Obviously, most information on the health benefits of olive oil has been collected in studies conducted in Mediterranean populations, and little is known of other geographical locations. In this issue of the Journal, Guasch-Ferré et al.[6] report findings from 3 seminal Harvard cohorts prospectively assessing olive oil consumption in relation to CVD that partly fill this gap. With nearly 93,000 study subjects and about 9,800 incident CVD cases after follow-up for 24 years, this large cohort study provides robust evidence of the association between olive oil consumption and incident CVD in a non-Mediterranean country, such as the United States. Results show that, compared with participants with the lowest olive oil consumption, those consuming >0.5 tablespoon/day of olive oil had a 14% lower risk of CVD and an 18% lower risk of coronary heart disease (CHD), thereby confirming findings of a recent meta-analysis.[7] However, contrary to the findings of this meta-analysis, Guasch-Ferré et al.[6] did not observe a lower risk of stroke with olive oil consumption. In a subset of participants, olive oil consumption was associated with raised HDL cholesterol and lower levels of circulating anti-inflammatory biomarkers, confirming prior observations.[4] Finally, in substitution analyses, replacing 5 g/day of margarine, butter, mayonnaise, or dairy fat with the equivalent amount of olive oil was associated with 5% to 7% lower risk of CVD and CHD. No significant associations were observed when olive oil was compared with other vegetable oils.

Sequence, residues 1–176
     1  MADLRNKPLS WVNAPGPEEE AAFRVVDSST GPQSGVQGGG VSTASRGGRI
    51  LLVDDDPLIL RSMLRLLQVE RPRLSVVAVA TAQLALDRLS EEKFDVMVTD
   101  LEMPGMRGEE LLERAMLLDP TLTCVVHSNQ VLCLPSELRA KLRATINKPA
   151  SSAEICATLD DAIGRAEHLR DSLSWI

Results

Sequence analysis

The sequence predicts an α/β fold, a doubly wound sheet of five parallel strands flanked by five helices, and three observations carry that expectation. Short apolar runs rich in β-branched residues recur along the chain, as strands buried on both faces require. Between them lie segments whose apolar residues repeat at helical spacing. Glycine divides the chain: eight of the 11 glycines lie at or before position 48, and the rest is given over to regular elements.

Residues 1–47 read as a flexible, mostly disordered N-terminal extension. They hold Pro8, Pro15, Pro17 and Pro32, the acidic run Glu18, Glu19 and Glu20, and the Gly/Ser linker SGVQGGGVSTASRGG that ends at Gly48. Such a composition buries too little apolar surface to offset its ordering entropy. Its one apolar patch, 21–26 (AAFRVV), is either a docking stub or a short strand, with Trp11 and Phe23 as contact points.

Some aspects of this study merit consideration. First, the results concern total olive oil, as no information on the type of olive oil consumed was available. Part of the salutary health effects of olive oil are due to its content in oleic acid, which is found in all types of olive oil, but an important part is attributable to the >200 minor components that include mainly phenolic compounds, but also tocopherols, phytosterols, carotenoids, luteolin, and triterpenic acids, which are enriched in EVOO.[4] Most prospective studies relating exposure to olive oil to CVD do not distinguish between olive oil types, with 2 exceptions. In the Spanish cohort of the EPIC (European Prospective Investigation into Cancer and Nutrition) study,[8] a 14% decrease in CHD risk was observed for each 10 g/day per 2,000-kcal increment in EVOO, whereas consumption of common olive oil disclosed no association. Similarly, in the PREDIMED study, considered as an observational cohort,[9] total CVD was significantly decreased by 10% for each 10 g/day increase in EVOO, but common olive oil was unrelated.